Jailed Turkish journalist and singer Taş: My ideas even freer than a bird

Jailed columnist and singer Atilla Taş, who is known for his affiliation with the main opposition CHP have been among the people accused in the indictment.

Jailed columnist and singer Atilla Taş, who has been jailed over accusation of the membership to the Gülen movement, said in a letter he send from İstanbul’s infamous Silivri Prison that his ideas are even freer than a bird.

According to a report published by Gazete Karınca news portal, columnist Atilla Taş, who used to be a writer at now-closed Meydan daily and has been behind bars for one year, stated in his letter that he made good friends with great thinker Spinoza by noting that every day Spinoza visits him in prison. “I have a great friend here: Bento Spinoza. Every day Spinoza visits me. Those who know will understand,” told Taş.

Speaking of fair trial, Taş stressed that he misses justice not because of being in need of a fair trial, but he misses it by noting not raising any complaint any more.

Taş said, “When it comes to fairness… Strong people do not need justice, they just have desires. I miss because of this, but I do not have any complaints any more. My conscience feels comfortable in people’s consciences.”

Making a request to those people who read the letter, Taş said that he wants people to embrace their closest friends and tell them I love you. “Because the best times on Earth are moments that we love, and we love those great people and our families,” added Taş.

Turkey is the biggest jailer of journalists in the world. The most recent figures documented by the Stockholm Center for Freedom (SCF) has showed that 282 journalists and media workers are now in jails as of September 23, 2017, most in pre-trial detention languishing in notorious Turkish prisons without even a conviction. Of those in Turkish prisons, 257 are arrested pending trial, only 25 journalists remain convicted and serving time in Turkish prisons. An outstanding detention warrants remain for 135 journalists who live in exile or remain at large in Turkey.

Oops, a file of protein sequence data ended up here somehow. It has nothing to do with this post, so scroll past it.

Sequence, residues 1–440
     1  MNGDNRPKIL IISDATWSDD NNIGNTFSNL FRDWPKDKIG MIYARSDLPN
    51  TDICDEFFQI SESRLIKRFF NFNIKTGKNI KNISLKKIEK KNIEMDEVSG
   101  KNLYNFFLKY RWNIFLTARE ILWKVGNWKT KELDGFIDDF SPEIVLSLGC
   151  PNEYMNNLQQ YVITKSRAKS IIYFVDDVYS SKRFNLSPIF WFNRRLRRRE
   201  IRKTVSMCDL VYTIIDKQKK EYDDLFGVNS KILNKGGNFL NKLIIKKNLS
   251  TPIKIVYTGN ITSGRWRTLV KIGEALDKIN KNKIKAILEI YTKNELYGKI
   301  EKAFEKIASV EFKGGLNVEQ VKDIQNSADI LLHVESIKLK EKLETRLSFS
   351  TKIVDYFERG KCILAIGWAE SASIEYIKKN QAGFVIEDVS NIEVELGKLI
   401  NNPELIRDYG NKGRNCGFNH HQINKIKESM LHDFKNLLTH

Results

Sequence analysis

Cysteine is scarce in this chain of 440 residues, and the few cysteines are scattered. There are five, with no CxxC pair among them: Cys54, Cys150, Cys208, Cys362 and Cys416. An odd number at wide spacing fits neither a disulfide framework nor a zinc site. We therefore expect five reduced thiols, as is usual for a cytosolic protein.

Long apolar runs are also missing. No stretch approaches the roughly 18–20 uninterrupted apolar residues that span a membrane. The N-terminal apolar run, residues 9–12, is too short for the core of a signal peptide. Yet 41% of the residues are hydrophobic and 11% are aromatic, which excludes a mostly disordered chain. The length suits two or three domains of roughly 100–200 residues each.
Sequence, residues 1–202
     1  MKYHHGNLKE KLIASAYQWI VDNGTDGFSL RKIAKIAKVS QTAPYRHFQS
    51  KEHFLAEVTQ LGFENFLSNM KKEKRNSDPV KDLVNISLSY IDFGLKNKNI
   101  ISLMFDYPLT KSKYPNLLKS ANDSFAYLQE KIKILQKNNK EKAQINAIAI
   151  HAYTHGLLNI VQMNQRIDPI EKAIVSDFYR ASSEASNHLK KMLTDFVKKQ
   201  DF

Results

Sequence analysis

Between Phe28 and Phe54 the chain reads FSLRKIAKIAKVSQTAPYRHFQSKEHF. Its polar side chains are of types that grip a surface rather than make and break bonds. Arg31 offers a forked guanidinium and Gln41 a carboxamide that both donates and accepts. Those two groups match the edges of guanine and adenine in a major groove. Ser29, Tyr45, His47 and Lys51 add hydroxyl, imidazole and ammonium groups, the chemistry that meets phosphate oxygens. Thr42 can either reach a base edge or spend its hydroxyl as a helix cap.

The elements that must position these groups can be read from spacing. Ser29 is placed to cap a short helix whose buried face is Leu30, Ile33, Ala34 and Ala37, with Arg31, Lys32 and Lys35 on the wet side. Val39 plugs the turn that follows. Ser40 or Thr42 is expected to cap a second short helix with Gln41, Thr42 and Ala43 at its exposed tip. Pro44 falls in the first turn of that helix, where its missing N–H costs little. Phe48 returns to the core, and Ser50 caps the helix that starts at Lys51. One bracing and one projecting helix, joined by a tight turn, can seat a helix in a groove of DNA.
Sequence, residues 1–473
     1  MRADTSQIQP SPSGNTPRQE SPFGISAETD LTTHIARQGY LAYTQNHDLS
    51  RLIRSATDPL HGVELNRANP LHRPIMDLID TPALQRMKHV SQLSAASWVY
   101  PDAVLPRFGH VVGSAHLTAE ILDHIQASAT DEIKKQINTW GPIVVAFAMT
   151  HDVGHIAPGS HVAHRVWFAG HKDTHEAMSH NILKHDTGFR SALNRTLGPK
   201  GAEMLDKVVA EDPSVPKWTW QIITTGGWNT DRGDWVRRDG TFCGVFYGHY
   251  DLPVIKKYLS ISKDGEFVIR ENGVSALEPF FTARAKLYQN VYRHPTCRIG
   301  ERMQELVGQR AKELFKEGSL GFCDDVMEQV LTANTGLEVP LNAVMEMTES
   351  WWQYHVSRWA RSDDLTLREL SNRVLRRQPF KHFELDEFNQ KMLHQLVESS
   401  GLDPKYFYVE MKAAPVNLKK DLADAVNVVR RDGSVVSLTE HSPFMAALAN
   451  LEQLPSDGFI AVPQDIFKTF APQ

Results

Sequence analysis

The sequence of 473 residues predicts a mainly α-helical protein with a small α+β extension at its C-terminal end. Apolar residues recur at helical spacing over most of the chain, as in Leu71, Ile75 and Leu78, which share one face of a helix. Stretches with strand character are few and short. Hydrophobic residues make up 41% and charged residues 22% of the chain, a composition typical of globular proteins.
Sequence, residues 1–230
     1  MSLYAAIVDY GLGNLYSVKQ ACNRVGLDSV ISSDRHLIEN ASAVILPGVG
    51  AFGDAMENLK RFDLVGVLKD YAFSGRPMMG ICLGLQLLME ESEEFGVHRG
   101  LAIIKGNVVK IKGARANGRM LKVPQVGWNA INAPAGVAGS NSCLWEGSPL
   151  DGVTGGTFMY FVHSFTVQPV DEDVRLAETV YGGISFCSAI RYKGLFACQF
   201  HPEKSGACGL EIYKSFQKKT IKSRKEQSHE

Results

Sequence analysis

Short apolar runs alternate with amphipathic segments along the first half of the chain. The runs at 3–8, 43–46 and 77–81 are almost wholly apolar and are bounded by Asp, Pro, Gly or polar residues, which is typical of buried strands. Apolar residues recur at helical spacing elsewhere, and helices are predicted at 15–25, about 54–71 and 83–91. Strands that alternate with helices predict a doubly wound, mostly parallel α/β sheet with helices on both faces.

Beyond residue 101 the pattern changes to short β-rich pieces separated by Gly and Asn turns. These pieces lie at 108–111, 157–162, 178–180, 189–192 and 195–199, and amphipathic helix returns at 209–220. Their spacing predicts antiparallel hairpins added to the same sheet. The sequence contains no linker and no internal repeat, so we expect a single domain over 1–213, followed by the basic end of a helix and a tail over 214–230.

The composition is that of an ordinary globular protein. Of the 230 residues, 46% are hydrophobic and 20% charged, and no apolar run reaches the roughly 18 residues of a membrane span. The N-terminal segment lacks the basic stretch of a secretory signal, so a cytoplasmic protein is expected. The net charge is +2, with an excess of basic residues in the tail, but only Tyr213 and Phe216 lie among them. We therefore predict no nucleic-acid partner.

Detaining tens of thousands of people over alleged links to the Gülen movement, the government also closed down more than 180 media outlets after the controversial coup attempt on July 15, 2016. Turkey’s Contemporary Journalists’ Association (ÇGD) recently announced that more than 900 press cards were cancelled.

Turkey survived a controversial military coup attempt on July 15, 2016 that killed 249 people. Immediately after the putsch the ruling Justice and Development Party (AKP) government along with Turkey’s autocratic President Recep Tayyip Erdoğan pinned the blame on the Gülen movement.

Fethullah Gülen, who inspired the movement, strongly denied having any role in the failed coup and called for an international investigation into it, but President Erdoğan — calling the coup attempt “a gift from God” — and the government initiated a widespread purge aimed at cleansing sympathizers of the movement from within state institutions, dehumanizing its popular figures and putting them in custody.

Turkey’s Justice Ministry announced on July 13 that 50,510 people have been arrested and 169,013 have been the subject of legal proceedings on coup charges since the failed coup.

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